Child Labour

Malawian President calls for Elimination of Child Labour in Supply Chains

President Arthur Peter Mutharika on WDCL 2016 called on intensified interventions in his country to eliminate child labour especially in the country’s supply chains

News | Malawi | 21 June 2016
LILONGWE (ILO News) - President Mutharika who officiated at the 2016 WDCL commemorations in Malawi called on all national stakeholders to join forces in eliminating child labour. The President stated that in line with the theme, ‘End Child Labour in Supply Chains. It’s Everyone’s Business!’, it was his expectation that businesses and enterprises in the country will play a more proactive role in eliminating child labour. Furthermore, the President warned that those who participate in the exposure of children to child labour will face the law, stating that children are Malawi’s future.

Meanwhile, speaking at the same occasion, ILO Director for Zambia, Malawi and Mozambique, Mr Alexio Musindo called on Employers to have a critical role to play in eliminating child labour in supply chains. He stated that the private sector have a key responsibility to take action within the value chains to ensure that what is produced or provided is free of child labour.

Mr Musindo also called on accelerated efforts in the finalisation and effective implementation of key legislations and policies protecting children from the worst forms of child labour in Malawi.
Compliance with national laws and international labour standards is paramount towards the efforts of eliminating child labour. Therefore, this year’s World Day against Child Labour presents us as opportunity to join the call to end child labour in the supply chains. Remember, it is everyone’s business. – He stated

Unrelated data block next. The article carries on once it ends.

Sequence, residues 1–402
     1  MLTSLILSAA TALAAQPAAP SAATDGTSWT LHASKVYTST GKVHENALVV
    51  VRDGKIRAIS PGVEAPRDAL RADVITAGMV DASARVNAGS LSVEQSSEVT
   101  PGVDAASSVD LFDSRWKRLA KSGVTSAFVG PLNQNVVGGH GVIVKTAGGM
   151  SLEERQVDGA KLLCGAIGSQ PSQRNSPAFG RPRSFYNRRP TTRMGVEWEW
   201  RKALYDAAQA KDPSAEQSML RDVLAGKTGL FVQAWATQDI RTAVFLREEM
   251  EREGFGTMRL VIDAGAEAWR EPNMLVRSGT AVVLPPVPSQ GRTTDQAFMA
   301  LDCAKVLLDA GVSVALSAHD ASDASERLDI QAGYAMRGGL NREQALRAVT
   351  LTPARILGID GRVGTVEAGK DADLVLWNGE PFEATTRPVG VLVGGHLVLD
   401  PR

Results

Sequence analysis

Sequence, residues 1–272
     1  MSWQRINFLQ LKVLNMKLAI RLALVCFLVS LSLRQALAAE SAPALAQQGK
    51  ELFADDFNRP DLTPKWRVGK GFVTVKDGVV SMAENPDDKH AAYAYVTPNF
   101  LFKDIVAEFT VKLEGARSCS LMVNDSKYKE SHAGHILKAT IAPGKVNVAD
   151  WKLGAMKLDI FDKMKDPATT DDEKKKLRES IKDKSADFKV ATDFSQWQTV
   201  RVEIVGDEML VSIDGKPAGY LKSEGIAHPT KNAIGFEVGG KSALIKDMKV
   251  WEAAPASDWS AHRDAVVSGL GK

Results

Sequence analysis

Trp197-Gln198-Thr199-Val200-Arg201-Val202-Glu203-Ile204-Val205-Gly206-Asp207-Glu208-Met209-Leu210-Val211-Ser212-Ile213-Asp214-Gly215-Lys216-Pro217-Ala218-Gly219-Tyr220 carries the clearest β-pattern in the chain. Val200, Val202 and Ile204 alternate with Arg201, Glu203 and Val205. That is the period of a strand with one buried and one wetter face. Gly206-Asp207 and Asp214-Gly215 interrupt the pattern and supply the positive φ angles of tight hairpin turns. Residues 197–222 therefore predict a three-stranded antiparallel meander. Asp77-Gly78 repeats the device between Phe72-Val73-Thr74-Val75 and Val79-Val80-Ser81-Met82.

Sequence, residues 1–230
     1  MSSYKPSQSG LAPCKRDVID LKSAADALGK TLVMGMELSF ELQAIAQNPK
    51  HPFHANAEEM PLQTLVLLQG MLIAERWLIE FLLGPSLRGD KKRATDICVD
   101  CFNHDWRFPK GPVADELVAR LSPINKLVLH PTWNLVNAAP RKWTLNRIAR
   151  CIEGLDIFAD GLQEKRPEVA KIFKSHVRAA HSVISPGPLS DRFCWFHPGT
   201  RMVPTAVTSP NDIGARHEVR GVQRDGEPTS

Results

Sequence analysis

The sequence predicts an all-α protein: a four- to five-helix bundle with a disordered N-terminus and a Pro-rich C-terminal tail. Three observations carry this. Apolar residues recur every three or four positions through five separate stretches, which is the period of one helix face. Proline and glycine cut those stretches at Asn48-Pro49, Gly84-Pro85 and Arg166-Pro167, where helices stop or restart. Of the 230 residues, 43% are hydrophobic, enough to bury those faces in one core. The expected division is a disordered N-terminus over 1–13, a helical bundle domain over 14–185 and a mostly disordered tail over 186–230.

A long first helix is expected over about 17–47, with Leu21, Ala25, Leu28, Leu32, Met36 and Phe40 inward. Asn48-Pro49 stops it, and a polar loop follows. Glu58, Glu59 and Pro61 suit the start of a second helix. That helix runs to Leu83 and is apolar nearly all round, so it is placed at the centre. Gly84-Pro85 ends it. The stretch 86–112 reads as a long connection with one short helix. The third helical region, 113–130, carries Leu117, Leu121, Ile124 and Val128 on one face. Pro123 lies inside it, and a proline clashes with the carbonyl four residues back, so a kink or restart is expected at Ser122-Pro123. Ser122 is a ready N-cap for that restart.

Child Labour in Malawi

The world has an estimated 168 million children involved in child labour—and an estimated 1.4 Million children aged 5 -17 years in child labour in Malawi, representing 30% of the children. Child labour is present in most of the supply chains of the Malawi economy including agriculture, services, manufacturing and the informal economy- we are here today to share experiences on how best we can eliminate child labour in global supply chains.

The ILO has concluded various Public Private Partnerships to eliminate child labour in the supply chains across different sectors and in different countries. In Malawi, through a public-private partnership with Japan Tobacco International, the ILO is currently implementing a programme to Achieving the Reduction of Child Labour In Support of Education (ARISE) aimed at reducing the worst forms of child labour in tobacco-growing communities. Through collaboration with various stakeholders, the Government, workers’ and employers’ organizations, civil society and communities have demonstrated good models which can be replicated in other parts of the country in an effort to create child labour free zones.